According to their Web site, Yuppie Prick$ lead singer Trevor Middleton -- the heir to a pharmaceutical fortune -- has an estimated worth of $30.5 million; guitarist Deuce Hollingsworth claims to be the only third-generation divorce lawyer in the Southwest; drummer Nigel Smythen-Wesson is the ne'er-do-well scion of a wealthy English family who joined the band after "pranging" his Bentley into Middleton's BMW; bassist (and Houston native) Preston Hetherington is a multimillionaire stockbroker who lists one of his hobbies as "hunting endangered species." (Another of his off-stage pursuits is the operation of an Internet porn site -- he regards the band's shows as fine talent-scouting opportunities.)
That's what their bios say, anyway, so it must all be true. At any rate, as you might expect, the songs these guys write range far from the usual anarchic spleen-venting of the old-school punks, not to mention the "my parents/girls just don't understand me" harangues of the more recent crop of punks. Instead, they remake the Sex Pistols' "Anarchy in the UK" as "Prosperity in the USA," complete with lines like "I am the next Bill Gates / I buy and sell real estate." Then there's "Boo Fucking Hoo," in which Sally Struthers and other "feed the kids" types are brushed off with the blunt "I need a cup of coffee to stimulate my greed." There's also a salute to band hero Arnold Schwarzenegger -- in one of their songs, the burly Alpine politico gets a blow job in the most politically incorrect car of all time in "Hummer in My Hummer." (Sample lyrics: "As the Governator / I hereby decree / Wrap your lips around / My Austrian Red Heat.") And they penned the very first pro-suburbia song in punk history in "Suburban Living," wherein they boast that "We don't have drug deals down the block / You won't see crack whores sucking cock / All our drugs are kept inside / Don't keep blow in my ride / Suburban living is the life for me."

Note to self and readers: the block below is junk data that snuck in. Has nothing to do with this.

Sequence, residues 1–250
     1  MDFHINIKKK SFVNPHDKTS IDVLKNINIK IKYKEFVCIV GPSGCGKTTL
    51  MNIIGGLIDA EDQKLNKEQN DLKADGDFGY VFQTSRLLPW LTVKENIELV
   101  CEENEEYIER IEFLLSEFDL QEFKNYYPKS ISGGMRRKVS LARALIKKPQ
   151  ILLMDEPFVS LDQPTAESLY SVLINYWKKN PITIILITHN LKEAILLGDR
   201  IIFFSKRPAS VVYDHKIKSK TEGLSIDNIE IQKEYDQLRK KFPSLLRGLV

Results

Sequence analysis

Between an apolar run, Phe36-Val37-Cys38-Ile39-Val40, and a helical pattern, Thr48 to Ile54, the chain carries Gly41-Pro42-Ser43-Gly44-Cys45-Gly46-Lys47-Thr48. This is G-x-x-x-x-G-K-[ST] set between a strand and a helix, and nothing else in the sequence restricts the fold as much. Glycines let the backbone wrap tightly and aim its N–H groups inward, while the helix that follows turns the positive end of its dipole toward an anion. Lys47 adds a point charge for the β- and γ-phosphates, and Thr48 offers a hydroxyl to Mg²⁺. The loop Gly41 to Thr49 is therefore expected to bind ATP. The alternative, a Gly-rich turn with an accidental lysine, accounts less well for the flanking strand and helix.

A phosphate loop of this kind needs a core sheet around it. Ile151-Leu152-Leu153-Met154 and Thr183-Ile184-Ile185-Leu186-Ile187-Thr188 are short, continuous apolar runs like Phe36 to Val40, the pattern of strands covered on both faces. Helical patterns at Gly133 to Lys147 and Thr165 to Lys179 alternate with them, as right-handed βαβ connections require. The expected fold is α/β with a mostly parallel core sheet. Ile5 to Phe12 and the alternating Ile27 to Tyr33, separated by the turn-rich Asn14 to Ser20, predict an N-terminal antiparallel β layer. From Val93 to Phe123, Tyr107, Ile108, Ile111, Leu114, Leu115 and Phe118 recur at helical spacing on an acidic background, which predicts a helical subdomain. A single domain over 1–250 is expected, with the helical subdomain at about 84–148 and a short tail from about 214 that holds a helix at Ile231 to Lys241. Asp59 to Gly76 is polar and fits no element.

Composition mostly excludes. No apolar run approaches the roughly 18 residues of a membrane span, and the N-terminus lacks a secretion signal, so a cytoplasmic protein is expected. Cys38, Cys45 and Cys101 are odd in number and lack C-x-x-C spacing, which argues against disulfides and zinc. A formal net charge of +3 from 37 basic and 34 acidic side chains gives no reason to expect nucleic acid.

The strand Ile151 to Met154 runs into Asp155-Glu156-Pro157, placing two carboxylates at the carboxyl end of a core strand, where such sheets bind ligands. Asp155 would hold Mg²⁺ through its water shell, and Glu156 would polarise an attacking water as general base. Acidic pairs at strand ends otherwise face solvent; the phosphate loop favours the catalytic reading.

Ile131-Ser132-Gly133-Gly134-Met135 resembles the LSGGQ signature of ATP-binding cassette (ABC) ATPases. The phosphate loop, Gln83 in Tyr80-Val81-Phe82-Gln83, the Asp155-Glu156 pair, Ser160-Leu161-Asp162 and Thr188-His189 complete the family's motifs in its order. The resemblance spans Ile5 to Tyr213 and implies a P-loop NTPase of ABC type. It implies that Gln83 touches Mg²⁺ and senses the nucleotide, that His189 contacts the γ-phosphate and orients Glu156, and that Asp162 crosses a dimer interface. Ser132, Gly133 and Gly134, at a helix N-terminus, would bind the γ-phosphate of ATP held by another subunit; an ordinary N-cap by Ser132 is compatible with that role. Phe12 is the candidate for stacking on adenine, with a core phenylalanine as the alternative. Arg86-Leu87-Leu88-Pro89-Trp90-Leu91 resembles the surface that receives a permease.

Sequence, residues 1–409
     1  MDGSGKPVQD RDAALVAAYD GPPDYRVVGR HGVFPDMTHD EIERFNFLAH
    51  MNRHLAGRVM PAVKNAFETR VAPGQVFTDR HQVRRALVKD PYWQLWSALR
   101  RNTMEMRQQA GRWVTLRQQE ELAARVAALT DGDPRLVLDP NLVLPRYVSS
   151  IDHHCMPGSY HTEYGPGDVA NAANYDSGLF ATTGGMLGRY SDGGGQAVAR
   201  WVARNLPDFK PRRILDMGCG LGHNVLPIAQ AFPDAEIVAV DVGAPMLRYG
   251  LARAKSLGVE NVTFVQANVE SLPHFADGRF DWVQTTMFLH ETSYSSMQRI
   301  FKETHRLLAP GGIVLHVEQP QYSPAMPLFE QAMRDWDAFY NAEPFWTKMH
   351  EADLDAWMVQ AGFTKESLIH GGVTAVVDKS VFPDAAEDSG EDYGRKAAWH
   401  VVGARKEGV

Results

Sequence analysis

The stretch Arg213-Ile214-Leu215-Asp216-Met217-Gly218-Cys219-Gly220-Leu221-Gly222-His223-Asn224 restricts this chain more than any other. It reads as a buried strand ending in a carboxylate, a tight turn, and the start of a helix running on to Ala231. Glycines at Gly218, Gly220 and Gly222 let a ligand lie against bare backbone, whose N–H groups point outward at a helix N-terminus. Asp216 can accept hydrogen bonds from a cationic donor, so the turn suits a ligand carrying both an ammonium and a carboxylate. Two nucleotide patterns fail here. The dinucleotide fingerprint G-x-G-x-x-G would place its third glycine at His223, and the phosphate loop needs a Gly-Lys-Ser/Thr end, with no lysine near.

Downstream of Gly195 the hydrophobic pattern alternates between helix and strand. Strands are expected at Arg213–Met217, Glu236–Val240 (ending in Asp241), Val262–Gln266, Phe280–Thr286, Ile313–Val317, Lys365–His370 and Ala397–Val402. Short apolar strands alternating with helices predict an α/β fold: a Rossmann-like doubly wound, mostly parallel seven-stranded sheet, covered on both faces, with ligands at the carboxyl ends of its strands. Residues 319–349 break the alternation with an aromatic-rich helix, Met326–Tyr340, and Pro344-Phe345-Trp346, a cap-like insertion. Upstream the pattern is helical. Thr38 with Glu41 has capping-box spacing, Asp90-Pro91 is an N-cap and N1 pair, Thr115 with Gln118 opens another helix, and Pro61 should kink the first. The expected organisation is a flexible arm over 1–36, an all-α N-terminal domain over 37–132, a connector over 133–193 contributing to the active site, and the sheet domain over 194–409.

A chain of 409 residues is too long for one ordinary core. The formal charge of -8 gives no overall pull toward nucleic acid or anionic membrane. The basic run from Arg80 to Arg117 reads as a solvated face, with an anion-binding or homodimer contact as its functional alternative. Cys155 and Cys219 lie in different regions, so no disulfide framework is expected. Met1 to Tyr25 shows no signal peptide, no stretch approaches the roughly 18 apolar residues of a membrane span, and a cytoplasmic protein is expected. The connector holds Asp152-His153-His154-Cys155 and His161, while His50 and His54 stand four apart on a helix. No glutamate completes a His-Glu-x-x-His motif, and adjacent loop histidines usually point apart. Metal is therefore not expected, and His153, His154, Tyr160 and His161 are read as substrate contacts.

Which brings up a paradox. What could be more punk than rebelling against everything punk is supposed to stand for? The Yuppie Prick$ could very well be the most punk band on earth. But how does an obscenely rich, archconservative pharmaceutical heir become a punk rocker, anyway? Racket put the question to Middleton. "Boy, that's kind of a long story," he says. "I had some run-ins with the pops about future control of the company, and I had this disillusionment period where I kinda gave up some of my worldly possessions for a while and hit the streets." (He also had some burnout issues going; as he put it on the band Web site, "Three super-models and four grams of blow a day just wasn't cutting it anymore.") "So then I ended up at a couple of punk rock shows and fell in love with the music. And one time I was kind of passed out outside a club and this guy drove by and threw some pocket change at me. That kind of woke my ass up so I picked up all my credit cards and re-entered the real world, but I believed that people could still enjoy the musical part of the punk rock, without "